Posts tagged with 'liverpool'
““L8 is a state of mind.” Local historian Laurence Westgaph’s phrase is one I’ve heard repeatedly since starting to curate and produce L8 Unseen.
It’s a hook, a riff that I couldn’t get out of my head. Simple enough to understand but raising more questions than answers. What makes a community? What gels people together for generations? Where can we find the characters and stories making those connections? Why should they matter to anyone outside L8?
Starting in February, we interviewed, filmed and took photographic portraits of L8 people – people who had grown up, lived, worked in the area. We had just 16 weeks to complete all the portraits (including 20 large-scale prints), film and edit 40 oral histories, create interactive links for a smartphone app, develop and install a website and interactive kiosk.
But the biggest challenge was to gain the trust of a tight-knit and protective community. Born and bred in Brixton, hundreds of miles south, I was an outsider. The community was not that different from the one I grew up in – Sus laws, riots, activism, music, energy, openness, sharing, curiosity and warmth – but L8 has an extra swagger of pride and resilience.
It has stories – from a multi-cultural community about to be massively transformed. In ten years parts of L8 will be unrecognisable or no longer exist. Jobs might come with the investment but so will increased property prices and rents; social and youth services hollowed out; people and community displaced. As the developers, councils and landlords play their game of Monopoly, those most at risk are least able to play the game or even tilt the playing board. L8 Unseen is channeling Liverpool 8’s past, present and future, providing a rare glimpse of a community spirit that refuses to die.
The project has so far attracted little national media coverage – but the response to L8 Unseen has been astounding with over 60,000 visitors in just over a month. Word of mouth at community level has brought people in to make discoveries. Like Vivian Walcott, who came to the exhibition with her daughter, finding a black and white portrait of herself taken at a street party over 30 years ago.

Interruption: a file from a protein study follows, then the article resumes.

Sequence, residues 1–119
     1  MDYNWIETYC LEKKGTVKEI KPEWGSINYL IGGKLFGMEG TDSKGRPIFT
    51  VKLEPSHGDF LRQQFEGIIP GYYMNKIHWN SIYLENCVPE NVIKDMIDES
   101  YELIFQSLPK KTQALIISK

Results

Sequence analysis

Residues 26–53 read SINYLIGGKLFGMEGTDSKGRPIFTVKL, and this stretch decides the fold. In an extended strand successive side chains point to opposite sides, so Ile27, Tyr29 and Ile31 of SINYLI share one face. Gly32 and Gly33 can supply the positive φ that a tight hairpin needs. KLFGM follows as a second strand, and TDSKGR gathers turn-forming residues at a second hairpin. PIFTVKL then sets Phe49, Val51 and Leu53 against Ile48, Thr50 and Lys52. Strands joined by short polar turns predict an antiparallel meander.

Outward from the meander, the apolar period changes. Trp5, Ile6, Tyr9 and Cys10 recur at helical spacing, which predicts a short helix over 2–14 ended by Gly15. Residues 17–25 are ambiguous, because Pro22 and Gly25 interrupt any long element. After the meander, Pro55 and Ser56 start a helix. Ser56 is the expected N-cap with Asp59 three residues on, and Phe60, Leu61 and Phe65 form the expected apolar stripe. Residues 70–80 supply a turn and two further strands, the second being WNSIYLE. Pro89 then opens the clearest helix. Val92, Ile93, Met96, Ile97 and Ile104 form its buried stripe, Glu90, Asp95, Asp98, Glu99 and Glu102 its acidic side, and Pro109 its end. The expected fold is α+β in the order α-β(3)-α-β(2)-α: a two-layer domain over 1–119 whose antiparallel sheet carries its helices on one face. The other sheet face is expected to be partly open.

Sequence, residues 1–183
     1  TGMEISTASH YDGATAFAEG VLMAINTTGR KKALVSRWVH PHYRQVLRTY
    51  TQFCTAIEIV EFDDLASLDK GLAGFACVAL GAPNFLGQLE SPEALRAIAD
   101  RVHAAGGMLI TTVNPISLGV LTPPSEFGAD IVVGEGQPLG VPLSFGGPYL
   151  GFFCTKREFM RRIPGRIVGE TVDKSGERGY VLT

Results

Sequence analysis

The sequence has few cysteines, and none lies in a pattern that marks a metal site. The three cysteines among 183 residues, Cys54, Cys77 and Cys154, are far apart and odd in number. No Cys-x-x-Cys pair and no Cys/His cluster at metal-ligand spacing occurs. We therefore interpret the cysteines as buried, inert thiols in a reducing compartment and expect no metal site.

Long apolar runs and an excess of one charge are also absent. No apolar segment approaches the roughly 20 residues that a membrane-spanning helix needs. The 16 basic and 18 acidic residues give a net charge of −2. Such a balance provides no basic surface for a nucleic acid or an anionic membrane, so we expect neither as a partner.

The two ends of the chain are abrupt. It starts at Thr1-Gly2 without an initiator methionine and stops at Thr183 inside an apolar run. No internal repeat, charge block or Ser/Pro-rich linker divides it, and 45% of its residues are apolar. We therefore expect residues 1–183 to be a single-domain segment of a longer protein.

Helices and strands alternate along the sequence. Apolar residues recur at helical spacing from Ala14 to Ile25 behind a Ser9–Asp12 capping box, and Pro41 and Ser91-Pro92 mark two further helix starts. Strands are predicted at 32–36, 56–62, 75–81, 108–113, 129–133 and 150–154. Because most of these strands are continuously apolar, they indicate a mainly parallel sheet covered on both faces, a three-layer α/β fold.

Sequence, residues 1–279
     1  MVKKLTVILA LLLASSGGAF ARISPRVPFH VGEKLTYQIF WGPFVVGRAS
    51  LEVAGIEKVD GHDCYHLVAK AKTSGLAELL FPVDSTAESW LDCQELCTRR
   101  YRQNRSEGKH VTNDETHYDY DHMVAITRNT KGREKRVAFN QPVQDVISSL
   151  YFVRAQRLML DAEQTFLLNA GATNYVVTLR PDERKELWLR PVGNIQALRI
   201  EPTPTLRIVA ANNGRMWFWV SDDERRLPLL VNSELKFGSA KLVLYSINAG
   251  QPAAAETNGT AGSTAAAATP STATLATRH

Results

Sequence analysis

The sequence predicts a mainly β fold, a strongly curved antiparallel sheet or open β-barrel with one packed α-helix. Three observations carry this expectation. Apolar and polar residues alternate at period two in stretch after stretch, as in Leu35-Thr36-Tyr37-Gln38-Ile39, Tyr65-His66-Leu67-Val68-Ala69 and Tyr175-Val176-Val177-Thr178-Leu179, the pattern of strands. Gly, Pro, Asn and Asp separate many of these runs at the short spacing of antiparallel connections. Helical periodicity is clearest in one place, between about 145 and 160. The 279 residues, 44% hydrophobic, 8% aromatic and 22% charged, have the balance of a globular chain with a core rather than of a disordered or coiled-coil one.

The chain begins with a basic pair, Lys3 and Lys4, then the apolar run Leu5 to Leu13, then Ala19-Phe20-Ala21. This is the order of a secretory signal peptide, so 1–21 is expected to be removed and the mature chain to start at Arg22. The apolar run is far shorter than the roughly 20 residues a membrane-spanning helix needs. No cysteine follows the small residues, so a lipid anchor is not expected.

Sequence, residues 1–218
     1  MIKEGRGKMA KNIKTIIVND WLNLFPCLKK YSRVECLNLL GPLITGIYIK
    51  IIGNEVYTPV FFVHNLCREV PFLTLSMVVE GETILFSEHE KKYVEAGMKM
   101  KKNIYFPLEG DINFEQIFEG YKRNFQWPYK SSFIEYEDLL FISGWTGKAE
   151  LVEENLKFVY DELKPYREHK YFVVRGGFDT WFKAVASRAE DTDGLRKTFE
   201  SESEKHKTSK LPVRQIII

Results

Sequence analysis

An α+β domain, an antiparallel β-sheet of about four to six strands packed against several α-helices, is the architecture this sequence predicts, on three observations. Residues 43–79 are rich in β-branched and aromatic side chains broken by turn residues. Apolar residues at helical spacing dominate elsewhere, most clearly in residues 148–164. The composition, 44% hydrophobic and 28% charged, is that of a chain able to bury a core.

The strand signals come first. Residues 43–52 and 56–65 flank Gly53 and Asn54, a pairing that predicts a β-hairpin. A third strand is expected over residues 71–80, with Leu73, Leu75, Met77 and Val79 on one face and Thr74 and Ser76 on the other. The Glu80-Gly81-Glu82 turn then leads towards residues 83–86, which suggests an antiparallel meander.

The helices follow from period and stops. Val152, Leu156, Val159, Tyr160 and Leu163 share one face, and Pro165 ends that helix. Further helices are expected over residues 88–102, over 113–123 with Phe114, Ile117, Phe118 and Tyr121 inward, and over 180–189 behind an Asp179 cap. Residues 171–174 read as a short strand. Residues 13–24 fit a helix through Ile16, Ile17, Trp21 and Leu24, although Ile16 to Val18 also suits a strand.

And many other stories. Ann Lopez, mother of 5 children and 20 grandchildren, at the age of 40 went back to college to finish her O and A levels. Listen how she talks powerfully about how she discovered her voice as a poet.
Cherise Smith represents the future of L8. In her early 20’s, she has been part of the Tiber young people steering group since schooldays. She recently joined the board of directors of this social enterprise hub and is playing a key role in the development of her local area. Cherise was voted joint Female Achiever of the Year at The Black Achievers Awards, Liverpool (2013).
L8 Unseen has profoundly changed my understanding of the transformative power of stories. As a storyteller I now have evidence that, when shared, they empower and make a difference.
L8 is more than just a state of mind. It’s a sense of identity and pride and resilience; and it’s a community which has over time had its heart ripped out, broken and scattered. But which picks itself up, licks its wounds, re-groups and gets on with business. I came away with a strong sense that the L8 community is tougher and more resilient than we ‘outsiders’ can understand. Fragile and malleable; yet tough as graphene.
I hope you get to see L8 Unseen before it closes on 6 September.”